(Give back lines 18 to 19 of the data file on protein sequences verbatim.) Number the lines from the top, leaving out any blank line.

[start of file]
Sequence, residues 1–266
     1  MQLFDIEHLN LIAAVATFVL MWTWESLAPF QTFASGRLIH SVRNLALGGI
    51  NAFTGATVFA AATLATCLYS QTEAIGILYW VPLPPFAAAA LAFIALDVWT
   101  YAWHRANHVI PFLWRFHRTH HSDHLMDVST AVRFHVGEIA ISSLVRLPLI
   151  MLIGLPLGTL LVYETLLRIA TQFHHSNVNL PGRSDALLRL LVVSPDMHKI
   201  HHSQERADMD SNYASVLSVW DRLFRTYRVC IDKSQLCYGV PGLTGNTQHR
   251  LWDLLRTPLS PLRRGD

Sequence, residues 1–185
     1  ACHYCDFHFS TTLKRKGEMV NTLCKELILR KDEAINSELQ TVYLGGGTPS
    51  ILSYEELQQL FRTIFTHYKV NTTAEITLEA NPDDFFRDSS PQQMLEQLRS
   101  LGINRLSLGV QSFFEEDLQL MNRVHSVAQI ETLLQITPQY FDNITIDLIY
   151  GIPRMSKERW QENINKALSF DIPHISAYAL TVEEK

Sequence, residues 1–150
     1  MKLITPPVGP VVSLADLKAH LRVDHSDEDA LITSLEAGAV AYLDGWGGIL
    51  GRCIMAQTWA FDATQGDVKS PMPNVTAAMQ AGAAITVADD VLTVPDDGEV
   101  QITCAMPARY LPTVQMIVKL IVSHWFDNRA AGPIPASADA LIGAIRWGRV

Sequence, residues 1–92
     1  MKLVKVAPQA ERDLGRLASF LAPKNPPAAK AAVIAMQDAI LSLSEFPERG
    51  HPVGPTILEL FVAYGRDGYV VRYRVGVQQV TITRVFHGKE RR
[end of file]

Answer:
     1  MKLVKVAPQA ERDLGRLASF LAPKNPPAAK AAVIAMQDAI LSLSEFPERG
    51  HPVGPTILEL FVAYGRDGYV VRYRVGVQQV TITRVFHGKE RR